Measuring the arrows speed with the chronograph gives an absolute speed for the bow being tested but as all longbows are different and have different draw weights there is also a method for establishing a estimated arrow speed for any bow that can then be compared with its actual arrow speed to give a value for efficiency.
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This is done by adding 100 to the bows draw weight and using this number as the expected arrow speed for that bow, for example a bow pulling 38lb would be expected to have an arrow speed of 138 fps.
These estimates are also based on the assumption that the bow being tested is pulled to its normal draw length and that the arrow used for testing is an average weight target arrow.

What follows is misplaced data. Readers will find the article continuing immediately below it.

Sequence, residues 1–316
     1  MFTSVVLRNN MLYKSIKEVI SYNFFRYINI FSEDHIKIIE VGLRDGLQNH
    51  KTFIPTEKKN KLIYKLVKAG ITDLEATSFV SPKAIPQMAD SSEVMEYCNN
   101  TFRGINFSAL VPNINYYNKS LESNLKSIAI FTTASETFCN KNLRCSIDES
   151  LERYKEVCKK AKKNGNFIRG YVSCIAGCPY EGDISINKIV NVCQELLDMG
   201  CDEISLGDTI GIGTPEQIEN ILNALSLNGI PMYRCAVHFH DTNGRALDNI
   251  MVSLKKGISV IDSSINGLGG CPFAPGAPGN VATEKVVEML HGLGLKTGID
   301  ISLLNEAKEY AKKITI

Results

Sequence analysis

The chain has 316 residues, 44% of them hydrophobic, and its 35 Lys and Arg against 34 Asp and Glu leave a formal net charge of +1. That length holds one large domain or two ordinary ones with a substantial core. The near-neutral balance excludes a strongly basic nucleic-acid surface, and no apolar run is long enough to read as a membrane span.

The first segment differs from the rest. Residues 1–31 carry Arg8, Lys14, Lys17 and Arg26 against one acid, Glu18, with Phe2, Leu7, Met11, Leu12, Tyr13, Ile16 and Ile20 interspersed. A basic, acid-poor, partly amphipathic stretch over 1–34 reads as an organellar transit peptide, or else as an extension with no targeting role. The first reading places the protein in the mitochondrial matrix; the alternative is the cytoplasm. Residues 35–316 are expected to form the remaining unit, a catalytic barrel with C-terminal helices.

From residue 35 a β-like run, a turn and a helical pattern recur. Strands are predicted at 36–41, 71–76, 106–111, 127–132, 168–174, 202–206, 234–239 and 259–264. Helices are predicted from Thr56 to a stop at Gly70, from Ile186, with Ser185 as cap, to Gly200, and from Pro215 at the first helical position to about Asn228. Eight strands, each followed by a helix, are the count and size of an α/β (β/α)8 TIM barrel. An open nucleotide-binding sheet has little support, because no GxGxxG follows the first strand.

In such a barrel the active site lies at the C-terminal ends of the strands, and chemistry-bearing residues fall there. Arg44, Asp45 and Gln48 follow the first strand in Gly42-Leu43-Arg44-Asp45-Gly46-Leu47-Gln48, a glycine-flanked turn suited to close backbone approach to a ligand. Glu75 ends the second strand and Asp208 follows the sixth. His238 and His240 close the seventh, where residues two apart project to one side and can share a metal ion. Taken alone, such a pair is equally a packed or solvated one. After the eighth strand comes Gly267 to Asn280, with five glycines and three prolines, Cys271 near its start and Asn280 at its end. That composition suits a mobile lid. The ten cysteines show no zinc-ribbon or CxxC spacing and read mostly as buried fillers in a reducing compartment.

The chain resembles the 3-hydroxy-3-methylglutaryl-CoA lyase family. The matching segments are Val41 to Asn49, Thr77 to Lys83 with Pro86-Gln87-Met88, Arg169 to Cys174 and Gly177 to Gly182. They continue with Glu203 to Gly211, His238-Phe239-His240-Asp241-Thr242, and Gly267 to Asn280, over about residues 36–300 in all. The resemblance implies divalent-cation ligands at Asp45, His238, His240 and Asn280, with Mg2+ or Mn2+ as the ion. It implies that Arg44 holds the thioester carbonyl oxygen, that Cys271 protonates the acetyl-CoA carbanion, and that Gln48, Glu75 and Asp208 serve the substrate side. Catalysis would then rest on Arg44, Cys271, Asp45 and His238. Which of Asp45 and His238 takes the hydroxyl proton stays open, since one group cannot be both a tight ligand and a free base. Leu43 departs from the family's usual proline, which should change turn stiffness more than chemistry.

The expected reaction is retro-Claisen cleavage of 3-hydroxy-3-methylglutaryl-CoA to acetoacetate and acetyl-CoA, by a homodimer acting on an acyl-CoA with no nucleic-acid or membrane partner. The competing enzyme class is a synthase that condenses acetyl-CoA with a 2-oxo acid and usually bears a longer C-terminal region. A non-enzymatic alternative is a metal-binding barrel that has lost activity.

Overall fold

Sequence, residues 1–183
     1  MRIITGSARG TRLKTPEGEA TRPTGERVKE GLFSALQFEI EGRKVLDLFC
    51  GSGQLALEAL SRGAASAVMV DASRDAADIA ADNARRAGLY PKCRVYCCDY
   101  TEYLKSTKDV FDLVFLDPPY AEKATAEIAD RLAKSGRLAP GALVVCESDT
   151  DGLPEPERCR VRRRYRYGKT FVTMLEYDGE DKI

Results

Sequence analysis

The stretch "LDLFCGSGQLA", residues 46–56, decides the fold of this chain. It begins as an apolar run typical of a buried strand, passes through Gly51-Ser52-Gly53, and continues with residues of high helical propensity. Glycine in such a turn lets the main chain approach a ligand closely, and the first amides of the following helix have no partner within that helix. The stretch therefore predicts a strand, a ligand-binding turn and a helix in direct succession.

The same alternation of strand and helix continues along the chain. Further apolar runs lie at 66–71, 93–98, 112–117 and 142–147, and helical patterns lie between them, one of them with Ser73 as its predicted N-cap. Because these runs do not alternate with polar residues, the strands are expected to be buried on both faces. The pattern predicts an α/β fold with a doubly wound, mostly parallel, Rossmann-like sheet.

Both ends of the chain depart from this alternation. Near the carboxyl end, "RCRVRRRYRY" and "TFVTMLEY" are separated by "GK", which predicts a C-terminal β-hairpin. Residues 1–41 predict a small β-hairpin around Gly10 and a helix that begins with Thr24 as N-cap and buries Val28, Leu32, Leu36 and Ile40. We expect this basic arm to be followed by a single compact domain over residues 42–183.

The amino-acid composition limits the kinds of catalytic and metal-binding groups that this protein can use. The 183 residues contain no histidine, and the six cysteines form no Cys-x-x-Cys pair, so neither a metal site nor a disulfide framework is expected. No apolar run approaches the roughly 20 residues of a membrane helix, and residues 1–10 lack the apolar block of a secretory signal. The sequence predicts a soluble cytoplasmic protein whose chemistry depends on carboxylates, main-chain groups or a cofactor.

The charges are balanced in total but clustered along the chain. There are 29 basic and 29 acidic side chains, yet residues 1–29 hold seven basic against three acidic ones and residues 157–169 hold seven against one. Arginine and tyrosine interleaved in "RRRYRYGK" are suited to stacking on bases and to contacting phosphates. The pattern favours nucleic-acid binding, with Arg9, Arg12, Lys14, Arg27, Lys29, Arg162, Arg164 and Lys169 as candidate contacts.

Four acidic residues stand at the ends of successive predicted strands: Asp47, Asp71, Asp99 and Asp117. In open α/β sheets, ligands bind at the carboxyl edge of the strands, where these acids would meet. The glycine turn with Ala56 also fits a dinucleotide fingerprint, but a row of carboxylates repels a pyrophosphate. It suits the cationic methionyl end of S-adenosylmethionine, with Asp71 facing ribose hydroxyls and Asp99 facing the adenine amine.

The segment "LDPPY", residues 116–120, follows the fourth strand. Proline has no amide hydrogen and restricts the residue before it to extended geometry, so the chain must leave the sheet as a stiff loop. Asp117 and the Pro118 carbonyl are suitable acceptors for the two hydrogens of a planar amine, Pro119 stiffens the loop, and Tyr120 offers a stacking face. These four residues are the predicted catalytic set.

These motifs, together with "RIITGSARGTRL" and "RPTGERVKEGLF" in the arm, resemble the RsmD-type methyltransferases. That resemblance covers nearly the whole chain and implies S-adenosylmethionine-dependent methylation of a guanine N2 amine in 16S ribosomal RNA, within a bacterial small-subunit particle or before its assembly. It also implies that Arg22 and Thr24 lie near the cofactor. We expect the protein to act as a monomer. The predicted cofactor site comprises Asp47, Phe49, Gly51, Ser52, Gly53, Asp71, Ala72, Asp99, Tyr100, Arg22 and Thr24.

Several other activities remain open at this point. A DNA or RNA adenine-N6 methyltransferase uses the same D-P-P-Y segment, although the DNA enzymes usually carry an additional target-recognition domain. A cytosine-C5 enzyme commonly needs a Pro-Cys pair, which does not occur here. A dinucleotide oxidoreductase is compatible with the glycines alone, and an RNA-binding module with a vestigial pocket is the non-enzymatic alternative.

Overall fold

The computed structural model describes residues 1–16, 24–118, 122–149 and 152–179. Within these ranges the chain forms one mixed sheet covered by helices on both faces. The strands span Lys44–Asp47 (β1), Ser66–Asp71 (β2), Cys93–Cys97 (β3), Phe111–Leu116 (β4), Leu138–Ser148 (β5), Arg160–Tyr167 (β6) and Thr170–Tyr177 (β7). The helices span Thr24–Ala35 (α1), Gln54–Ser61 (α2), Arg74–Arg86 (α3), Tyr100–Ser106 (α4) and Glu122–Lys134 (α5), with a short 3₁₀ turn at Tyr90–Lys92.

When testing with the chronograph the same 38lb bow might record an actual speed of 140 fps.
This bow could be said to have an efficiency of +2 in speed above weight.
Obtaining a value for efficiency, expressed as speed above weight, basically allows a method of comparison for different types of bows. Getting a negative result for speed above weight could indicate a poor design, construction or wood choice but does not necessarily mean it is a 'bad' bow. Getting a positive result indicates a well constructed and designed bow made from the best quality and most suitable woods.